A Return to Ethics -- 1968
People talk about ethics, honesty, transparency and respect, but few remember when those characteristics were shared by most. They met new clients, new friends and new students, and began new relationships assuming all involved in the meeting were focused on achieving goals for the common good. Things changed in 2016.
The common good became uncommon. People turned into competitors before they even met. They focused on what they themselves wanted and no longer cared what others wanted. All sides cared about winning at all costs. Winning meant getting what each wanted, which was, of course, impossible. If one won, the others lost, even if they didn't have to. Yes, there was a time when both sides could be satisfied, when both sides could walk away thinking, "We didn't get everything we wanted but we got what meant the most to us.
The new negotiation style is to crush the opponent, doing everything to win so all others lose. The new politics have spread into the new business. This is not an appealing mindset for millennials. This is not an appealing way of doing business to a person who values working toward the greatest good for the greatest number of people. You don't have to be a millennial to identify with the positive mindset and the belief of "the greatest good for the greatest number." No, you are not a socialist. You are in alignment with utilitarianism, a moral system founded by English philosopher Jeremy Bentham (1748-1832). His interests included political philosophy, philosophy of law, ethics and economics. In fact, some philosophers believe our actions are so important that the right or wrong of actions should be considered first when deciding what to do.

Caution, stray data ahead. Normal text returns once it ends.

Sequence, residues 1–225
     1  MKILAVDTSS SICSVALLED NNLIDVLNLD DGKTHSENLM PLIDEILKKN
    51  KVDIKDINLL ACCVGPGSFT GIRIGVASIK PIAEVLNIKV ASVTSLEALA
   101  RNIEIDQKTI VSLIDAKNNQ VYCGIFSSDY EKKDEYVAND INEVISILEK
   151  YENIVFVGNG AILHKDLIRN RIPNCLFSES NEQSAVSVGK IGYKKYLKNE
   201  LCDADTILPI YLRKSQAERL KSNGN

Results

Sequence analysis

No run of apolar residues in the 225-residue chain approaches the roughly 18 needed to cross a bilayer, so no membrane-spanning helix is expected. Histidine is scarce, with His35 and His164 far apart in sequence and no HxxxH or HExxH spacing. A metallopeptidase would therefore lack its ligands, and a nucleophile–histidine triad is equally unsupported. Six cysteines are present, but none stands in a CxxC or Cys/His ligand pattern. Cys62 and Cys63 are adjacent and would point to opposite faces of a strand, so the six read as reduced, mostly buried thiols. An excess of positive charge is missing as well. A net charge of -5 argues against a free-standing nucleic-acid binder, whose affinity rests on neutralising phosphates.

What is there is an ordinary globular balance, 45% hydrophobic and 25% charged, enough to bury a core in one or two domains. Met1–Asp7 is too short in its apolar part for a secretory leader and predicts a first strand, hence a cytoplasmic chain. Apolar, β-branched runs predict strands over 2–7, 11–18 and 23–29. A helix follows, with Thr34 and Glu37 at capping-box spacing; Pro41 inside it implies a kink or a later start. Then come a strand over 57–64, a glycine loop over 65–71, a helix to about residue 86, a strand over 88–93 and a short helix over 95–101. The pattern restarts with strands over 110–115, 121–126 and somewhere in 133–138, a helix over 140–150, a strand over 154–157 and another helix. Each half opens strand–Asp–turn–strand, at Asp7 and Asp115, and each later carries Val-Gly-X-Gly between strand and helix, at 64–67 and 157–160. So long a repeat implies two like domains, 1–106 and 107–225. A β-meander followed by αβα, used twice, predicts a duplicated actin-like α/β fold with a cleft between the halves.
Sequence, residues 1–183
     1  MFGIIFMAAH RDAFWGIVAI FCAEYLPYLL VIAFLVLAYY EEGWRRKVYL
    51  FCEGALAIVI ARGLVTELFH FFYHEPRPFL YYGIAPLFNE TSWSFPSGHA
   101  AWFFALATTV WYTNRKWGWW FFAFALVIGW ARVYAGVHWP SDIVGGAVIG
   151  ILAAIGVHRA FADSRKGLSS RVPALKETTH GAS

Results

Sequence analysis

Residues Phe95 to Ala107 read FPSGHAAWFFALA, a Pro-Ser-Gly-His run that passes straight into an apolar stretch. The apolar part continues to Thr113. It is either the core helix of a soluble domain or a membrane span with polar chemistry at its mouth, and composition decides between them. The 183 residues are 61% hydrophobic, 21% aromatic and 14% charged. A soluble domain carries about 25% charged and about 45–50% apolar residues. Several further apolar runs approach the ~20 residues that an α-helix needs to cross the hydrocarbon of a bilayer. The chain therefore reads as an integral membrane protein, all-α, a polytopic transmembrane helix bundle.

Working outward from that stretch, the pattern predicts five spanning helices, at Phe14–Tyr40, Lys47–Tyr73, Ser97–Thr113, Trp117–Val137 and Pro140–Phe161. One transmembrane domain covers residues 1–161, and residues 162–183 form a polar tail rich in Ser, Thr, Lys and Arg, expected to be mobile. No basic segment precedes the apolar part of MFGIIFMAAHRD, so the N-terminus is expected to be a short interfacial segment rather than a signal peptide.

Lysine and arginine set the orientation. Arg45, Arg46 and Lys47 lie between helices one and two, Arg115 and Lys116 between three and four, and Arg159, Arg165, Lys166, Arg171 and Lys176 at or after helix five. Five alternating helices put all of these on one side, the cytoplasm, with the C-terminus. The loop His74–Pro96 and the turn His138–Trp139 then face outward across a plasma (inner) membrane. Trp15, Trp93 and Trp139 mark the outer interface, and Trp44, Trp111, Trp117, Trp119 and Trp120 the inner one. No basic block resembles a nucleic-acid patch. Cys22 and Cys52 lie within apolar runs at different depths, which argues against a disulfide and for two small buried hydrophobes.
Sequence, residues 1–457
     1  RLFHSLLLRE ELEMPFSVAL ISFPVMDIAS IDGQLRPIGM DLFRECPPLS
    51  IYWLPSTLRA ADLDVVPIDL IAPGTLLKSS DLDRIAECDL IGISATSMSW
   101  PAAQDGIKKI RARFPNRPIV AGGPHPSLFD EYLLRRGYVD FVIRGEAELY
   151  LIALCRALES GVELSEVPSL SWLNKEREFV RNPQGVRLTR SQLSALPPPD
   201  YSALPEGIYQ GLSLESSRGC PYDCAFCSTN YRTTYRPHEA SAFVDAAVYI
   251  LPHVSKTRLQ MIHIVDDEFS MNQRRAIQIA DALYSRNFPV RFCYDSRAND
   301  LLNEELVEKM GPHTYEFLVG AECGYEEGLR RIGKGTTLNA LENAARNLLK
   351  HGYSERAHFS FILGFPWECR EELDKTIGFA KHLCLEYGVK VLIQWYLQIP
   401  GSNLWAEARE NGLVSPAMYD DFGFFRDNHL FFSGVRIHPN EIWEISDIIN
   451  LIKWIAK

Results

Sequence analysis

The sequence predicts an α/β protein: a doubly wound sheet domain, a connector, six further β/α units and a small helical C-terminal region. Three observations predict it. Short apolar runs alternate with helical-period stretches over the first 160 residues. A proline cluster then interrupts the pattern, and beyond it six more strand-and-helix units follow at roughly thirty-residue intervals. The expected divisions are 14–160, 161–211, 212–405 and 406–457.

But great minds create similar original thoughts. A high school student, Kent M. Keith, wrote a booklet to teach high school leaders how to lead. In 1968, as a 19-year-old Harvard sophomore he turned it into the book, "The Paradoxical Commandments: Finding Personal Meaning in a Crazy World." Without calling himself an activist, he thought about the commandments as a 15-year-old high school student.
You see, people with amazing minds are born to create brilliant thoughts. In this world of students being told to find their passions to lead them to the career meant for them, incredible minds don't need anyone telling them anything. Steve Jobs started on his path of passion after he dropped out of Harvard.
The paths are unique, but the goals are similar: to experiment, experience and lay down original thoughts for the betterment of people. Creative minds think big early on. They see problems no one is fixing, and they alone accept the tasks. Parents can push, motivate, encourage, beg and order their children to produce and perform, but such messages often go nowhere. These special minds do their own thing, and the parents can try to help, try to lead, but are best served to sit back and watch what takes place.
Parents can't force what isn't meant to be. The truth is people are not created equal. Each individual is a unique creation who will develop when ready. Some will never develop as an original. Some will do well as copies, and some will float with the wind and drift with the waves. When left alone to find their potential they may sink or swim. Regardless of the Bible version you have, a line says, "You can't make a silk purse out of a sow's ear." (Matthew 8:28-34) After thousands of years, parents haven't learned the lesson. Their duty is to teach lessons and discipline when needed; they can't turn a child into what they want, unless they want to force the child into a common creation to be regular, which may end up being the best that child can be.
THE 10 PARADOXICAL COMMANDMENTS
No. 1: People are illogical, unreasonable and self-centered. Love them anyway.
No. 2: If you do good, people will accuse you of selfish ulterior motives. Do good anyway.